At MindTree, it was again the season of Osmosis, the company’s annual event which is a platform to showcase and share knowledge of different verticals and groups with the rest of the MindTree Minds. For the MindTree UX team it was again a time to decide how to participate. We decided we’ll do something engaging and from then on there was no looking back. Two weeks in advance, our event planning began by creating a task force. We went crowdsourcing, looking for ideas, subjects, and disciplines which can be showcased as part of the overall theme of the UX stall. Our hunt for ideas generated umpteen ideas such as:
- Beyond the ‘Social’ Network: how social network is being used for non-social purposes (both good and bad)
- Immersive experiences: How the video games and 3-D technology will merge to create more immersive online experiences
- Green design
- The four dimensions of Information Design: beyond the organisation, that is, space and time
- Information is a continuum (and not discreet interactions on individual devices)
- Simplexity: how future systems will be designed ‘simple to interact’ feel with complex backend logic and processing behind the scene
- Information overload
- Connecting ideas and not pages (making sense of unstructured data)
Every idea sounded interesting. Unanimously the team decided to pursue a theme that impacts thinking of people in the system, that is, knowledge of user experience and its impact on people and business. In other words, an attempt was made to educate people that user experience design is not about making pretty screens. Design of a pleasing, usable interaction requires effort from various disciplines such as graphic design, information design, interaction design, human factors, psychology, usability, ergonomics, and knowledge of business and technology trends. We wanted to convey the message: “UX is not just about pretty face.”
UX Osmosis stall was inaugurated by our youngest UX designer Ramshi Hamza. We designed the stall to attract and encourage all to participate in Osmosis. We all joined together to have fun.
The concept of ‘Time Travel: Design, Business & Technology’ was the lead communication (10ft by 5ft flex poster) designed by Vallabh, Baizil, and Ankush. The poster showed design, business and technology advancements over the last 15 years, with the intention to describe how the ‘push and pull’ between technology, business and design has forced each other to reinvent. It also showed how many other disciplines such as human factors, psychology, usability, ergonomics, and anthropology became part of the mainstream design practices. We asked participants to come and share their views on what they think the future of business, technology and design would be. We got some interesting responses that we will be publishing in the later issues.
Some of these videos showed the futuristic designs especially about ubiquitous computing and some user interviews that we carried out to understand the behavior with respect to social media spaces. We discussed immersive experiences through examples of work done by other design practitioners. But the actual learning of immersive experiences came only by experiencing Microsoft Kinet (Thanks to Danny for making the arrangements!). Many MindTree Minds joined us playing and enjoying the game irrespective of their position, age, etc. Watch the videos to watch them play!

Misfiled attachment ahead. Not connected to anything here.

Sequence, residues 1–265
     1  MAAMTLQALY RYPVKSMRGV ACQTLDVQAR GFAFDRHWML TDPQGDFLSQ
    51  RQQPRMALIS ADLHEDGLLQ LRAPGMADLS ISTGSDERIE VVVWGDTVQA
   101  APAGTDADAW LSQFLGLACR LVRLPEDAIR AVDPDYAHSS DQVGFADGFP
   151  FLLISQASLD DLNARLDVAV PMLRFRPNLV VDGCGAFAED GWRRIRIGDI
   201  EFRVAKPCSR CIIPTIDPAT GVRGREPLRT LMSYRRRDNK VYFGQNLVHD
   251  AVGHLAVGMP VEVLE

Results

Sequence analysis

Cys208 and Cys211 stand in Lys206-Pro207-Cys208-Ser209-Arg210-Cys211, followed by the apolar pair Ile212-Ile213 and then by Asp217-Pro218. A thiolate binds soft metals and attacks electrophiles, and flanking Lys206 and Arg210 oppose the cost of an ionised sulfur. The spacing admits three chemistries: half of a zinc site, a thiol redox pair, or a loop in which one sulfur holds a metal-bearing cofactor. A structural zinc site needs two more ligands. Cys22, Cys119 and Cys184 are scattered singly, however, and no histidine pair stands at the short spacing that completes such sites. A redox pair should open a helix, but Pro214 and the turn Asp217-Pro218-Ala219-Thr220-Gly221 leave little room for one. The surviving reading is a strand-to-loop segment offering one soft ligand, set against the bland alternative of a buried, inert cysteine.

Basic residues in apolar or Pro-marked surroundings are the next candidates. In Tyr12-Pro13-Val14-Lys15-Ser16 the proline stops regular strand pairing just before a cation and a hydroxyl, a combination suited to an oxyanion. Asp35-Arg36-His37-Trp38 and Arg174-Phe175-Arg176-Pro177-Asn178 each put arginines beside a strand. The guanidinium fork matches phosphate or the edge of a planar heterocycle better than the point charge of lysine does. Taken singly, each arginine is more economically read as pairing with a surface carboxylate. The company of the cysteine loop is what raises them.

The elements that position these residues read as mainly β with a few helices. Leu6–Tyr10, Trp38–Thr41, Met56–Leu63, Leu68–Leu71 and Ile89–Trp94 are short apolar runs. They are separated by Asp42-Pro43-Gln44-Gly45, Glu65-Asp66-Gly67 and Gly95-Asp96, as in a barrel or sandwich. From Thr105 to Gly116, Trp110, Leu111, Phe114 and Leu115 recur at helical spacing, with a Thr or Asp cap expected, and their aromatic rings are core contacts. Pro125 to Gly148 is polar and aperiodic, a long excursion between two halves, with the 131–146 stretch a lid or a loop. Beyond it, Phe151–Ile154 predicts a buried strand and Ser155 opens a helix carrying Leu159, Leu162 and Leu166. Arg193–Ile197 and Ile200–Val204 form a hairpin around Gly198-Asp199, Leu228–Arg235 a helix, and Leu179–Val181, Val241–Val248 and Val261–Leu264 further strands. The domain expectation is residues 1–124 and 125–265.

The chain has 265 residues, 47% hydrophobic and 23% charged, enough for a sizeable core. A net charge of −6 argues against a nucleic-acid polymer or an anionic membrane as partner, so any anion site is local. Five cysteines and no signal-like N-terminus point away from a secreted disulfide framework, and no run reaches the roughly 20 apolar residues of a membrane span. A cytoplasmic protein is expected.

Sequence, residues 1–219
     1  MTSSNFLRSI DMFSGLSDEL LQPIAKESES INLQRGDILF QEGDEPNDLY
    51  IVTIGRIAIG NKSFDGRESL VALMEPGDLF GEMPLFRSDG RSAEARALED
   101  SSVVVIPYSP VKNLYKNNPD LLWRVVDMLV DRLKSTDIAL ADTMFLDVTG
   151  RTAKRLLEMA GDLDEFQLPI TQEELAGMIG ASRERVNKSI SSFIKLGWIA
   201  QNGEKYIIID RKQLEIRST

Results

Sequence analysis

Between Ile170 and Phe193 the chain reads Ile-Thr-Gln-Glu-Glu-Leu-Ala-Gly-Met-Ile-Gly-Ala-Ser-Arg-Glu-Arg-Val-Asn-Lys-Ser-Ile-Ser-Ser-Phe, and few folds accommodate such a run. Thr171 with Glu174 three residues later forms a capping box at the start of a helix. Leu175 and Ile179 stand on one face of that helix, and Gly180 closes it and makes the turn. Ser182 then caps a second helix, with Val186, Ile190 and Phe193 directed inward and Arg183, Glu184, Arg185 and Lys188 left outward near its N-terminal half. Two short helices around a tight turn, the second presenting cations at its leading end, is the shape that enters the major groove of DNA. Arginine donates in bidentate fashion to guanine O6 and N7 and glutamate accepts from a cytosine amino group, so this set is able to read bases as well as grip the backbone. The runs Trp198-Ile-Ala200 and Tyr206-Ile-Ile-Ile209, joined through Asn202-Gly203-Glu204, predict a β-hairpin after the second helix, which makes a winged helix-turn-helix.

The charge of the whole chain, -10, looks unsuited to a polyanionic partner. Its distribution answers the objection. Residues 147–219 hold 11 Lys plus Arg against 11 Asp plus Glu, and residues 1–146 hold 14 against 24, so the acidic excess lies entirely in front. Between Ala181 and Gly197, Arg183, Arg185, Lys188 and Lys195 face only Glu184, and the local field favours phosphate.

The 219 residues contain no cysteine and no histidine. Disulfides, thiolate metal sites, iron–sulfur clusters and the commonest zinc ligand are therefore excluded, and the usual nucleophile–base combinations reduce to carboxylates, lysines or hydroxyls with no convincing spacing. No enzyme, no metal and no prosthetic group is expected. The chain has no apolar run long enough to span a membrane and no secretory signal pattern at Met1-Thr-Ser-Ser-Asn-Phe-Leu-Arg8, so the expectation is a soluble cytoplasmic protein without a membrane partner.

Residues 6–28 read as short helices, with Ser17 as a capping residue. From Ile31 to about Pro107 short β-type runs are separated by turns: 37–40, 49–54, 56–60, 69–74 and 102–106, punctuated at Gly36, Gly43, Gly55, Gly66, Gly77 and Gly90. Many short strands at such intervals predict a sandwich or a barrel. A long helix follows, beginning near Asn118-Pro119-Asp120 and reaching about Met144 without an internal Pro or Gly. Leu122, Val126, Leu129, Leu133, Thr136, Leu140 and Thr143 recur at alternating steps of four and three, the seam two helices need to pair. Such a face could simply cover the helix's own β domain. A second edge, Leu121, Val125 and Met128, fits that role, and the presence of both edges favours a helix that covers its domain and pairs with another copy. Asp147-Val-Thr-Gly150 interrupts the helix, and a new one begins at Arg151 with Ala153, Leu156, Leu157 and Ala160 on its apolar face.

We wanted to engage people in a design lead activity where they could feel a sense of participation and achievement. We made 20 paper boats with cartridge sheets and provided paints and brushes to people and asked them to unleash their creativity and talent. We allowed them to be creative in their own ways. Very quickly we realized that we have 20 people painting at a time and almost the same number waiting for their turn. We had to arrange for more paints, brushes, and boats. At last we ended up with 140 boats painted by MindTree Minds that are now available as a collage fixture at fourth floor in the Phase 1 building of MindTree West Campus. On an average each participant spent 10-15 minutes painting a boat; such an immersive participation would be difficult to achieve in an art competition. Thanks to Diba, Shobha, Ramshi, and Vinay A. for making it happen.
Vot'ah design: Participants were asked to vote for the purpose of design. They were asked whether "Design is problem-solving" or "Design is fun". Two examples used for illustration were:
- Design is fun: A glider that is designed to capture unusual video shots from different angles in the air. Users will launch the glider in an open space; a small camera mounted on the nose of glider will record video of people on the ground.
- Design is problem solving: An electric socket that is designed to accept any pin size and voltage and has an extension cord, if required, with capabilities to carry mobile phone on top.
Participants were asked to choose a theme and also leave a comment in support of their choice. In three hours, there were 80 people who had voted and of which 65% chose design more problem-solving than fun. The other activity was to hunt for web parts (treasure) or broken web page components to build as one. People were given two choices of designs before they started playing the game. Thanks to Natraj and Shobha for designing and executing such learnable experiences. The Osmosis UX stall was a wonderful example of superb coordination, self-motivated team-work, and a sense of expression and play. I sincerely thank Ankush, Baizil, Chinmoy, Danny, Diba, Hetna, Mukesh, Natraj, Ramshi, Vallabh, Veena, Vinay A, Vineet, Satya, Shobha, and all the participants for their contribution and support.